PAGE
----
English travellers like Tyson Fury and Billy Joe Saunders are taking over world boxing, and there's a reason why they fight nothing like Brad Pitt's character in "Snatch."
English travellers, a nomadic minority group also referred to as "gypsies," live on the road in caravans and temporarily on camp sites across England, according to the BBC.
In Guy Ritchie's cult British crime film, Pitt plays Mickey O'Neill, a wild and unpredictable traveller who becomes embroiled in a rigged fight.
O'Neill had an intimidating boxing style as he could absorb a terrible amount of punishment but get up from the deck and knock his bigger and bulkier opponents down with a single blow, often leaving them in a comatose state.
English travellers fight nothing like this. They typically do all they can to avoid taking a terrible amount of punishment, and are not known for their concussive punching.
Instead, they are technically adept and defensively brilliant. So brilliant, they have a habit of making opponents look foolish.
Just ask the Canadian middleweight David Lemieux, who timed a punch so badly in his 2017 loss to Saunders that the Londoner had time to evade it and showboat half a step later.
Watch it here:
Saunders was so slick in that fight he dodged 90% of Lemieux's jabs, according to Compubox data.
Similarly, in Fury's signature victory — his 2015 bamboozling of Wladimir Klitschko in Germany — the six-foot-nine underdog showed so much ring craft that he limited Klitschko, who had reigned as champion for almost a decade, to a pitiful 4.5 punches landed on a per round average, Boxrec reports.
So why are English travellers like Fury and Saunders so skilled at defensive boxing?
"In life you have to know how to defend yourself first," Saunders, an unbeaten fighter with 28 wins, told Business Insider at a recent Matchroom Sport press conference in London. "Moreso in boxing, the only sport you can legally be killed in. You have to keep yourself on the ball, be physically and mentally in the right place, and above all witty. If you can't get hit, you can't be beat."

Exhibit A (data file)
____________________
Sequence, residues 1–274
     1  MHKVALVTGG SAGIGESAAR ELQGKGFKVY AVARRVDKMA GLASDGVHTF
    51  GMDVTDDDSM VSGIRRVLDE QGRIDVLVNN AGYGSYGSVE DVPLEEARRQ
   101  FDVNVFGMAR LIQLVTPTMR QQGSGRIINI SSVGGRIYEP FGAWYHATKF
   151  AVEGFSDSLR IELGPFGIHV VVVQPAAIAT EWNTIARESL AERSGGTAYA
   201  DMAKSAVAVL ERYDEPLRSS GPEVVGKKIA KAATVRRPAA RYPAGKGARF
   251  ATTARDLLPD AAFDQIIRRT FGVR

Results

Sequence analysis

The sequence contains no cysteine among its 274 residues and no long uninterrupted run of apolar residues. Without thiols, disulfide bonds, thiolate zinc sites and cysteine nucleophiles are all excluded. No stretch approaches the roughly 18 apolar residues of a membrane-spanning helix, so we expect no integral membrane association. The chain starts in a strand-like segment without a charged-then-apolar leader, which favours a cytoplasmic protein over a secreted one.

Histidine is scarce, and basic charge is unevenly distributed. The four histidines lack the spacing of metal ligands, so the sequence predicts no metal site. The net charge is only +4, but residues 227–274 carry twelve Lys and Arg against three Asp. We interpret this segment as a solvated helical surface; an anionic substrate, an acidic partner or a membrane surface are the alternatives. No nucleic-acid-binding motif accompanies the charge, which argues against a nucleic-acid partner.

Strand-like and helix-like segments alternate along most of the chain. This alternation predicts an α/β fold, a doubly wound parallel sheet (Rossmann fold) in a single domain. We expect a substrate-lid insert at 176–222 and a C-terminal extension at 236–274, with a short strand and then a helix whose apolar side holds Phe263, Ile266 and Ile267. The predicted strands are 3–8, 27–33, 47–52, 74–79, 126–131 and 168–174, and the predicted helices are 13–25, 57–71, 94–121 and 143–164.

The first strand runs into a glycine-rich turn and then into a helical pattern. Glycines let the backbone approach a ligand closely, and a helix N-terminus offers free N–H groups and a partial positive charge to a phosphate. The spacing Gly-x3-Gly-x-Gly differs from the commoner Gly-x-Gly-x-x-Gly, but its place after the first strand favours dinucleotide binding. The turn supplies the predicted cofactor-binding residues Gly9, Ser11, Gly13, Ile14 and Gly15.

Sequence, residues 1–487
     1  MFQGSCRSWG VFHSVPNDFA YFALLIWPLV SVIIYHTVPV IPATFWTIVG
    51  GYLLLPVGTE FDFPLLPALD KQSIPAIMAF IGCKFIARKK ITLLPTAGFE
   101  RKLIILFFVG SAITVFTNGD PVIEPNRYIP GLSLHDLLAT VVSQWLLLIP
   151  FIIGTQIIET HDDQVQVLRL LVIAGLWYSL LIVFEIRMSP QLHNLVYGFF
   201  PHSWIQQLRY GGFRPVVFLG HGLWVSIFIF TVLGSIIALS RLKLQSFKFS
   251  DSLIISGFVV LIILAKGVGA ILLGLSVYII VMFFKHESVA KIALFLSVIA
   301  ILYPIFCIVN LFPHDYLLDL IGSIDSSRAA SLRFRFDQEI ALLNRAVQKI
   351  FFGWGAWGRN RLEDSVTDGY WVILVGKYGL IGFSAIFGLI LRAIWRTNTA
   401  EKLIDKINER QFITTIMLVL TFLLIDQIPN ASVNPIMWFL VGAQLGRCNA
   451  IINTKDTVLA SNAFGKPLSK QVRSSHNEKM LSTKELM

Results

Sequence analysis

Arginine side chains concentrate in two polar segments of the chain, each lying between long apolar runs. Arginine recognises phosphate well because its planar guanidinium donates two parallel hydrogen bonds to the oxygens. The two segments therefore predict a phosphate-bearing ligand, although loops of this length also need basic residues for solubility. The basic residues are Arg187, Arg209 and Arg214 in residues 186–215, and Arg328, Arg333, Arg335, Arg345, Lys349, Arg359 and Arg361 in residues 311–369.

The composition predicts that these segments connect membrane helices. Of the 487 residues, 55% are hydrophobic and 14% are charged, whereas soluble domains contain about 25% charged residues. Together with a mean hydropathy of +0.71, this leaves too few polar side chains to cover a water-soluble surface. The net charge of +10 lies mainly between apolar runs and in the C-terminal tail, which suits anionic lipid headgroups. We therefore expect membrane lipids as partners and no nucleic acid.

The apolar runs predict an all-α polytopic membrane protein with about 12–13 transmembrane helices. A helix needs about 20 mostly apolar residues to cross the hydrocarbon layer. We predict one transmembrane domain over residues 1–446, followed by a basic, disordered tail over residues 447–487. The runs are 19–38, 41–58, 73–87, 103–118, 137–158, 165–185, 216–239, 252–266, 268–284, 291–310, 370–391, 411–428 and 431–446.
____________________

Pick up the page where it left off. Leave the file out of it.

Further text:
His father, Tommy Saunders, added that fights between boys are commonplace in the traveller community, and that he took his son, Billy Joe, to a boxing club so that he could be taught how to defend himself from bullies. Often, the first lessons involve learning how to avoid getting hit.
"In the travelling community he had to defend himself," Saunders Sr. told Business Insider. "That's why I took him boxing, to stick up for himself and stop him being bullied. All traveller boys go through that. Then, when it comes to them stepping into the ring, there's no fear of having a fight."
English travellers have a specific and distinctive boxing style
Renowned boxing trainer Alan Smith, who runs the iBox Gym in south east London, told Business Insider he has taught many traveller boys through the years and believes they all fight in a similar way.
"Do you know what … I've been in amateur and professional boxing for 35 years, and I've seen all types of fighting style," Smith said. "But travellers pretty much box the same. They're defensive, leaning on the back foot, and I think it's just because they all spar with each other. So one style rubs off on the other one.
"I've trained quite a few travelling boys," Smith said. "People you admire often inspire you and so when they stay together in their own community on their sites, trailers, mucking around, they end up carbon copies of the people they're sparring."
One of Smith's current pupils is Dennis McCann, a three-fight bantamweight novice who blew Business Insider away with a polished performance when we were ringside for a Frank Warren show at London's O2 Arena earlier in the summer.